Software central to accessibility standards, cost
- By William Matthews
- Dec 21, 2000
Software is expected to consume most of the $1 billion it may take each
year for federal agencies to comply with the new accessibility standards,
the federal Access Board reports.
Buying new software to meet the accessibility standards has been estimated at as much as $510 million a
year. Buying hardware that meets the standards is expected to cost $337
Because software forms the brains of computers and other office equipment,
it is often the key to whether equipment is usable by people with disabilities.
Here are just a few of the dozens of accessibility standards that apply
* Software must provide commands that can be executed by a keyboard. For
example, print or save commands must be executable with keystrokes.
* Programs cannot disrupt the accessibility features of other products.
* Programs must provide information regarding add-on assistive technologies.
* Colors cannot be the only means of conveying information.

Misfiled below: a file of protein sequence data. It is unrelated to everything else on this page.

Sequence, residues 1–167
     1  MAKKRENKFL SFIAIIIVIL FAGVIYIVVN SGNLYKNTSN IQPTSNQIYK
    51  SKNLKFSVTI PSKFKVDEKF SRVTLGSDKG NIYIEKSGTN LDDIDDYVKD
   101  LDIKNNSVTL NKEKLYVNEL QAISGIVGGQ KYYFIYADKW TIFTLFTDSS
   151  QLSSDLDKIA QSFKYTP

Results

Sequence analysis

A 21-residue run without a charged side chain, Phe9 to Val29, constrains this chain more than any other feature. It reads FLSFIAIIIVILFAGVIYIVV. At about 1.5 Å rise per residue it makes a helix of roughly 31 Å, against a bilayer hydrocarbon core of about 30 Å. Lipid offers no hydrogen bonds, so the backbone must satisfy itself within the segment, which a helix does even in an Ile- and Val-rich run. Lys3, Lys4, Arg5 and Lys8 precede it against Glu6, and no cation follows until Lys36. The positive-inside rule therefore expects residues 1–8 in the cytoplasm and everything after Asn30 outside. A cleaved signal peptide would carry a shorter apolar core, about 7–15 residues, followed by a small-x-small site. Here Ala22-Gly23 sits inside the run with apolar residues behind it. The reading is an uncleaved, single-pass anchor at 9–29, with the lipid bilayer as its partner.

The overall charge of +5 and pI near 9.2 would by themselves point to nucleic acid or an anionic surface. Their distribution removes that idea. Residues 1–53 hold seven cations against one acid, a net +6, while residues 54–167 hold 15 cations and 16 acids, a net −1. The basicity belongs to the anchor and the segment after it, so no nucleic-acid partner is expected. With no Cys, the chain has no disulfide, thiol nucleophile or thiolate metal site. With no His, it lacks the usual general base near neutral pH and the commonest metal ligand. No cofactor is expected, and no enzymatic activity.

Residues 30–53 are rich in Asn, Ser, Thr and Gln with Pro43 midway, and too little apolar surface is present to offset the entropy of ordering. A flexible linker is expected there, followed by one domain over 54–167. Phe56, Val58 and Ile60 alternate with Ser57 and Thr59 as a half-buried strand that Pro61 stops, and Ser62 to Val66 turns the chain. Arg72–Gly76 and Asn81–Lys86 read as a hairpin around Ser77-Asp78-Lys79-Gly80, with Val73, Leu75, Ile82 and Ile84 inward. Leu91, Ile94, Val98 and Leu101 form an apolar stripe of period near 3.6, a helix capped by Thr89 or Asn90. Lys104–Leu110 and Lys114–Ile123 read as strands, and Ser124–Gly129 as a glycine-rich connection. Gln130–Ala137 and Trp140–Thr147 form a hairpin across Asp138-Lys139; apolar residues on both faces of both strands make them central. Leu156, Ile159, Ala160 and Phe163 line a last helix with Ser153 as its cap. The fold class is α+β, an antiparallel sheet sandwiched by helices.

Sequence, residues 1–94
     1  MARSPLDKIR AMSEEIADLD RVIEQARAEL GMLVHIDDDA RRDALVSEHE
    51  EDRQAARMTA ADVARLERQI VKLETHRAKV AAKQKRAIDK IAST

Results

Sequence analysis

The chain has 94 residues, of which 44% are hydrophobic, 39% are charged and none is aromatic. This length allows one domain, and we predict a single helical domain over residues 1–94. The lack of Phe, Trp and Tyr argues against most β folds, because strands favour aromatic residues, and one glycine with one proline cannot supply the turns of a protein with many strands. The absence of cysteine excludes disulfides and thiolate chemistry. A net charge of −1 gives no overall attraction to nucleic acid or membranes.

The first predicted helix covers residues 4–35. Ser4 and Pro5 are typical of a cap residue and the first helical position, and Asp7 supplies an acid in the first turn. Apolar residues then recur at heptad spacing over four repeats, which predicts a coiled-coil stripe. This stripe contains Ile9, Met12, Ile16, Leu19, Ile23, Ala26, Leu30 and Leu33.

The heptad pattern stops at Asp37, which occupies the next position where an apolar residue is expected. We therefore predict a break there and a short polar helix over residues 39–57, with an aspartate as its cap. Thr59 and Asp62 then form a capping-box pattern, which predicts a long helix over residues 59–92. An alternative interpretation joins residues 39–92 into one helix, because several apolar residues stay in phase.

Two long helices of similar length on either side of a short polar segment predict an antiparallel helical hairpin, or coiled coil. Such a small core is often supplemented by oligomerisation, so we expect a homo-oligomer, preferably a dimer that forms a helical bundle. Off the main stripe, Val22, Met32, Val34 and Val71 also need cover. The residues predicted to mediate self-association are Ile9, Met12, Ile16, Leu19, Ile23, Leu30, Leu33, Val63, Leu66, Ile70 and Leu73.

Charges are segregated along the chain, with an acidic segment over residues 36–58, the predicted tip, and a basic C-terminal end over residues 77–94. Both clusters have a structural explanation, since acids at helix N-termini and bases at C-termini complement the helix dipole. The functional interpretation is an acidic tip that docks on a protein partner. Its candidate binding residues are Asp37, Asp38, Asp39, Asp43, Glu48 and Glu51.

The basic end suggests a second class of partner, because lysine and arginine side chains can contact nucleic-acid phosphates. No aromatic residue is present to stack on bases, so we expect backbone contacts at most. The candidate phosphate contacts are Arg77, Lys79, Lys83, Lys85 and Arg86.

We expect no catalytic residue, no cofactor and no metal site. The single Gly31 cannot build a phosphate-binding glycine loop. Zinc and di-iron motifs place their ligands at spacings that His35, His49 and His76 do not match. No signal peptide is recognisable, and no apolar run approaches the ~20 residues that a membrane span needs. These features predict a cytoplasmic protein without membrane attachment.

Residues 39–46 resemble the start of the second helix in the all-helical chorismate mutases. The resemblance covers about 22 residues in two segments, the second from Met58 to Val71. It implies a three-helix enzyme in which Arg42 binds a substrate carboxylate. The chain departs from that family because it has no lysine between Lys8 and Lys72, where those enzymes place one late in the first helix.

* If animation is used, the same information must be provided in a non-animated
The Access Board officially the Architectural and Transportation Barriers
Compliance Board said it tried to develop standards that tell software
and hardware makers what their products must do while leaving it to the
manufacturer to decide how best to meet the requirement.
However, the standards include many basic requirements, including:
* Equipment that produces sound as part of its function must be equipped
with adjustable volume controls.
* Controls on office equipment such as copying machines must have operating
controls that can be distinguished by feel.
* Controls must be usable by persons with limited dexterity.
* Products must have standard ports and connectors.
* Products must have at least one mode of operation that does not require
the user to have sight.
In a concession to industry lobbyists, the Access Board said "back-office"
equipment such as telecommunication switches, servers and other system components
normally operated only by service personnel need not comply with the regulations.
The standards also allow the IT industry to develop "equivalent facilitation"
to meet requirements. This means that companies are encouraged to find different
or better ways to meet the standards.